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Flying Knights Newsletter

2000 First Quarter

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       The propeller is a complicated device. Wilbur Wright said, thinking about it drove him crazy.
       Yet, the Wrights developed a propeller that was nearly 80% efficient. No one else had ever done that before.
A Wing by Any Other Name
       By thinking of the propeller as a tiny wing, they developed the idea of twist to keep the same attack angle along the length of the blade. Others still thought of the propeller as a paddle.

       We will look at props like the Wrights did, because it is really the simplest way to understand them.
       If the blade is a tiny wing, then it should develop a lift force perpendicular to its upper surface, just like a big wing.
       But since the blade is moving vertically, the resultant force is in the forward direction as shown in Fig. 3.
      Voila! Just what we need to balance the drag force pulling us back. And we already know how to calculate the lift of a wing, do we not?
       Let’s look at the Lift Equation again. There were four parts. The Lift force was equal to a ‘Coefficient of Lift’ times the ‘mass density of air’ times the ‘wing area’ times the square of the ‘velocity of the air’ over said wing.
       That is, L= Cl x Density x A x V2. Same equation, different flies.
The Thrust Equation
        In terms of thrust, we write,
        T = Tc x Density x A x V2, where “A” is the surface area of the prop and “V” is velocity of the prop.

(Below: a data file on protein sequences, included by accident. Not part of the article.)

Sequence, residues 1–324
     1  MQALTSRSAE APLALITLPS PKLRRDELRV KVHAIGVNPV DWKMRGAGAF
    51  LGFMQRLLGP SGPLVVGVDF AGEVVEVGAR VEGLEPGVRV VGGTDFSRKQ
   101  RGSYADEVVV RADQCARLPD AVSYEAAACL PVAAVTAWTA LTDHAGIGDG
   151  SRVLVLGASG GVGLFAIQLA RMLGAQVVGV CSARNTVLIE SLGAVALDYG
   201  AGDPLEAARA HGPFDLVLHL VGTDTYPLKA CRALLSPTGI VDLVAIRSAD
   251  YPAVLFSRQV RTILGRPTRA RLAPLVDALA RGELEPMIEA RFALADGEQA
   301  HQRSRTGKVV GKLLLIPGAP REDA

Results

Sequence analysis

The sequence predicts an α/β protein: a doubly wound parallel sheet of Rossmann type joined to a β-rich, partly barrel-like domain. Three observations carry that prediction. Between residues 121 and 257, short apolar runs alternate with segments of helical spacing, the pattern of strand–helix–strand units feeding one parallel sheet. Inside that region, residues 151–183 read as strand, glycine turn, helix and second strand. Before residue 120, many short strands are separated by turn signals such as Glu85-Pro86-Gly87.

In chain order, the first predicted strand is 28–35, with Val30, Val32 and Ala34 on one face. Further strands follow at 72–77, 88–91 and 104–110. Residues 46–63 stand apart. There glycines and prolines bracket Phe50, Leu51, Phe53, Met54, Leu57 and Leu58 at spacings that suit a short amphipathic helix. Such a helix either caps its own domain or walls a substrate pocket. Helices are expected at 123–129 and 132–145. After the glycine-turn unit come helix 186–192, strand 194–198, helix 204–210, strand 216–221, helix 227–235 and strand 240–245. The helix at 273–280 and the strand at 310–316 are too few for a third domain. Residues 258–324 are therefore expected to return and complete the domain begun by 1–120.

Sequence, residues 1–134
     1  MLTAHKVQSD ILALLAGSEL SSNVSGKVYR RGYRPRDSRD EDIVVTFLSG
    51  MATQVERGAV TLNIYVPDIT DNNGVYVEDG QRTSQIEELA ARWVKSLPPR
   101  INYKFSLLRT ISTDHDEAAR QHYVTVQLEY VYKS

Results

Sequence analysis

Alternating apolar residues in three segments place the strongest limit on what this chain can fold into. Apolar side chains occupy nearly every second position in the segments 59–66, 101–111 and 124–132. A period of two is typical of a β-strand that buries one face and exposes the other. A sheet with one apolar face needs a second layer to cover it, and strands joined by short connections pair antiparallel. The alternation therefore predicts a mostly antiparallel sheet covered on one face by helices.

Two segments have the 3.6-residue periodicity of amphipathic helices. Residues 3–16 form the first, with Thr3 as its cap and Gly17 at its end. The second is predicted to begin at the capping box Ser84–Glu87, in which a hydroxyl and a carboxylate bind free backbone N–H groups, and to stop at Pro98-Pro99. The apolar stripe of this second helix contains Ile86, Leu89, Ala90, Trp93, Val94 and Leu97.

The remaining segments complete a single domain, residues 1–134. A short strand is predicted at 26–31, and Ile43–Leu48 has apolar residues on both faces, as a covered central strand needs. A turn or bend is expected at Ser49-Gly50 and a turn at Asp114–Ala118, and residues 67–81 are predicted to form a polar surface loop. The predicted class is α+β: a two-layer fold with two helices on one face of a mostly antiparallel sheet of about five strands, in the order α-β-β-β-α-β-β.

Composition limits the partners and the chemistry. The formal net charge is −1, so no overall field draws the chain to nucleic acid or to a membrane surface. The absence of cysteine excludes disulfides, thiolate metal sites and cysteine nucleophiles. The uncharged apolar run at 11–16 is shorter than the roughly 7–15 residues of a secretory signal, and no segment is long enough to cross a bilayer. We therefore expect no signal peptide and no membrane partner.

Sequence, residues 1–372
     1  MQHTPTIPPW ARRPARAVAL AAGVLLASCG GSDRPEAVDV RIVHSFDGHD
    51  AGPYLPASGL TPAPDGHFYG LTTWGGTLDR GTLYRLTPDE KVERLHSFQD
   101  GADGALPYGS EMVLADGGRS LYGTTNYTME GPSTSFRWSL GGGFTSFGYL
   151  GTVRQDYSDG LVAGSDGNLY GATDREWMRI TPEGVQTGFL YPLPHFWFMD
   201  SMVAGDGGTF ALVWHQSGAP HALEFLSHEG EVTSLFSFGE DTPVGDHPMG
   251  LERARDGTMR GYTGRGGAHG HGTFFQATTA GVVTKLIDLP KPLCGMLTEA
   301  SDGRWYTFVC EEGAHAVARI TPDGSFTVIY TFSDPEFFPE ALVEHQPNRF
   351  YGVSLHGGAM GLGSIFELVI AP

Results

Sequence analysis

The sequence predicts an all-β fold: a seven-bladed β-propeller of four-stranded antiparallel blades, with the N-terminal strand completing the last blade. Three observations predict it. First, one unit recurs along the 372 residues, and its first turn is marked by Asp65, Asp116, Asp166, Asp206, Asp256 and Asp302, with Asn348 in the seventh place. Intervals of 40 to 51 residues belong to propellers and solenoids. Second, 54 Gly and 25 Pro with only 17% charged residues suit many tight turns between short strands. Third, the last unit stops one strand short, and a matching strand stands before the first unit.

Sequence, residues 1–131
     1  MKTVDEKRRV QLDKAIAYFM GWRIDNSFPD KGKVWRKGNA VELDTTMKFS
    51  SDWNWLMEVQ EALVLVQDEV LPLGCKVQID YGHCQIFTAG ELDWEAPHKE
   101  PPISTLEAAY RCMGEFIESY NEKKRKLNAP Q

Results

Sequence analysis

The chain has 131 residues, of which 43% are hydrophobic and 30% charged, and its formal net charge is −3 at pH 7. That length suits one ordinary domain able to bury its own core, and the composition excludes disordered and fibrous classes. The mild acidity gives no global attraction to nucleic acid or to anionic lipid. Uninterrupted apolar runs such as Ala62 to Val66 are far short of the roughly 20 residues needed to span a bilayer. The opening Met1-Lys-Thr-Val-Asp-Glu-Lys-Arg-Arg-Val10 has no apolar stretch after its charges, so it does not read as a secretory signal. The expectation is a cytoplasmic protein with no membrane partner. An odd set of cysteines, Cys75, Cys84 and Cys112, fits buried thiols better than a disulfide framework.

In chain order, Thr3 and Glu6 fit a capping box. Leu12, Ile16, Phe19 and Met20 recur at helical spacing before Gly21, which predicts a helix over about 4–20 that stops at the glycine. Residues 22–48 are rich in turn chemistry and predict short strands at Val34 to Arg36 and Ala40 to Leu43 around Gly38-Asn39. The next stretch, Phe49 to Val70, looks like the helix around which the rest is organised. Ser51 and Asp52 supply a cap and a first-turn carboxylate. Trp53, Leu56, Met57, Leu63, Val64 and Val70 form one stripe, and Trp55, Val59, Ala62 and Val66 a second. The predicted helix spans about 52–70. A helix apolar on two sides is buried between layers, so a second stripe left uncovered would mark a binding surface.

Propellers have a diameter, a width and a pitch.

       The width and the diameter determine the area of the prop. The pitch determines the attack angle.
The Attack Angle
       The first thing to consider is the Thrust Coefficient. As you recall, this is similar to the Lift Coefficient, which was related to the Attack Angle of the wing.
        So what’s the “attack angle” of a prop?
        The propeller has a fixed forward velocity called its pitch speed. It moves forward the pitch inches for each rotation.
        The higher the pitch or the faster the rotation the more it moves.
        The “attack angle” is simply the difference between the propeller blade’s advance and the airplane speed.
        Whoa! These are vectors. We can’t add them directly, so we will just discuss what the Thrust Coefficient means.
        When the plane is sitting on the ground, it’s prop is cutting the air at a high angle, (the same angle as pitch).

        As the plane moves forward, this angle becomes less and less until the plane is moving close to the pitch speed. The actual attack angle will be somewhere in between.
        The optimum attack angle of a wing was about 5 to 10 degrees which
gave a coefficient of about 0.8 to 1.2. For a prop that is 80% efficient, the angle is small just like a wing in level flight.
        The “thrust coefficient” therefore is very close to “one”.

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